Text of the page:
Theoretically, as seen below, a jamais vu feeling in a sufferer of a delirious disorder or intoxication could result in a delirious explanation of it, such as in the Capgras delusion, in which the patient takes a person known by him or her for a false double or impostor. If the impostor is himself, the clinical setting would be the same as the one described as depersonalisation, hence jamais vus of oneself or of the very "reality of reality", are termed depersonalisation (or surreality) feelings.

Times Online reports:

Chris Moulin, of the University of Leeds, asked 95 volunteers to write out "door" 30 times in 60 seconds. At the International Conference on Memory in Sydney last week he reported that 68 percent of the volunteers showed symptoms of jamais vu, such as beginning to doubt that "door" was a real word. Dr. Moulin believes that a similar brain fatigue underlies a phenomenon observed in some schizophrenia patients: that a familiar person has been replaced by an impostor. Dr. Moulin suggests they could be suffering from chronic jamais vu.[14]

Presque vu (Tip of the tongue)

Déjà vu is similar to, but distinct from, the phenomenon called tip of the tongue, a situation in which when one cannot recall a familiar word or name, but with effort one eventually recalls the elusive memory. In contrast, déjà vu is a feeling that the present situation has occurred before, but the details are elusive because the situation never happened before.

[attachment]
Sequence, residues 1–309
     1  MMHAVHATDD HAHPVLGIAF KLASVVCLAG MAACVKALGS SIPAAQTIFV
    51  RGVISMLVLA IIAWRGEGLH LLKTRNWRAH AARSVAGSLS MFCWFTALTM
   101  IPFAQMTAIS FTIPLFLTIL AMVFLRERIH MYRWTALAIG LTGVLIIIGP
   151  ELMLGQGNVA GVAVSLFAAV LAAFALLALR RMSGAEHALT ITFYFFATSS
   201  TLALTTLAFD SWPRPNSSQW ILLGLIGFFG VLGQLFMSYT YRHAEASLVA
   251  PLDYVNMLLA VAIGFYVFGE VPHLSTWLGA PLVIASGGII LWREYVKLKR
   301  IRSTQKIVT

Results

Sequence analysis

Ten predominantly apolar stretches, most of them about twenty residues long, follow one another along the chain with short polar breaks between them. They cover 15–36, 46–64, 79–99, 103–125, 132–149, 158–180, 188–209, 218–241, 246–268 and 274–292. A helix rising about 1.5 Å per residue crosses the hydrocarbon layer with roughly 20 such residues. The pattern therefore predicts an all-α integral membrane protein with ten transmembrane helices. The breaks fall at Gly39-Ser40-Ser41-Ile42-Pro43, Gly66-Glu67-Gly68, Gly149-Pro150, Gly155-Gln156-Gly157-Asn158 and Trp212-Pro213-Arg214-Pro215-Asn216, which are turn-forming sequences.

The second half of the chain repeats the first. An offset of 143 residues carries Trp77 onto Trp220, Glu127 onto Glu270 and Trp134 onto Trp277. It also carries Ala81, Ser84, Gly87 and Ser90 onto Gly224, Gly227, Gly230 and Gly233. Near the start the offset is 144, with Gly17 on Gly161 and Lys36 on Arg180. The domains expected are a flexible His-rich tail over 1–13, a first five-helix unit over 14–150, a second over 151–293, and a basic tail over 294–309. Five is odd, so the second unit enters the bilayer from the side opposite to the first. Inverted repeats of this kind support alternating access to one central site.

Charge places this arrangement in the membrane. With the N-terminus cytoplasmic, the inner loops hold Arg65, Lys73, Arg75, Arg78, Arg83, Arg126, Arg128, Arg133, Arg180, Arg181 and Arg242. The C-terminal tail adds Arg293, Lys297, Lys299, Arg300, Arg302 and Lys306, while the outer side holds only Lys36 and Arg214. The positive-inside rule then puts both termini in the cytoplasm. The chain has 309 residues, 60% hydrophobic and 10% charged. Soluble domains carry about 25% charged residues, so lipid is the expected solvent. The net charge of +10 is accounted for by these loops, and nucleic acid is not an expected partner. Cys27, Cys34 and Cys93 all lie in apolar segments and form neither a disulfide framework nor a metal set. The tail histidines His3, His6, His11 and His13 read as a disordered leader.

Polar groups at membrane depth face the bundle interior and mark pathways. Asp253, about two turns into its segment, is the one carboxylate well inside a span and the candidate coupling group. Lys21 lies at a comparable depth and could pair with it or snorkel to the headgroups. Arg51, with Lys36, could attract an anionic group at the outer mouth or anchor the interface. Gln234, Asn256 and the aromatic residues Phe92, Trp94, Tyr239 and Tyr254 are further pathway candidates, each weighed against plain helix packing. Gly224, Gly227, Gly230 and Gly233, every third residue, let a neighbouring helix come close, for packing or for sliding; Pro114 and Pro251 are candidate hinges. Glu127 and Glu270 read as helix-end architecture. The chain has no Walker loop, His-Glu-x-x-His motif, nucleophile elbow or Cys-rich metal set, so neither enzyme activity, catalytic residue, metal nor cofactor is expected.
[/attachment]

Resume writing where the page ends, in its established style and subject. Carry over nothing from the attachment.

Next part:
Presque vu (from French, meaning "almost seen") is the sensation of being on the brink of an epiphany. Often very disorienting and distracting, presque vu rarely leads to an actual breakthrough. Frequently, one experiencing presque vu will say that they have something "on the tip of my tongue".

Presque vu is often cited by people who suffer from epilepsy or other seizure-related brain conditions, such as temporal lobe lability. This is described a glitch of neuropatic nerves in the brain, mainly in the left hemisphere.

In popular culture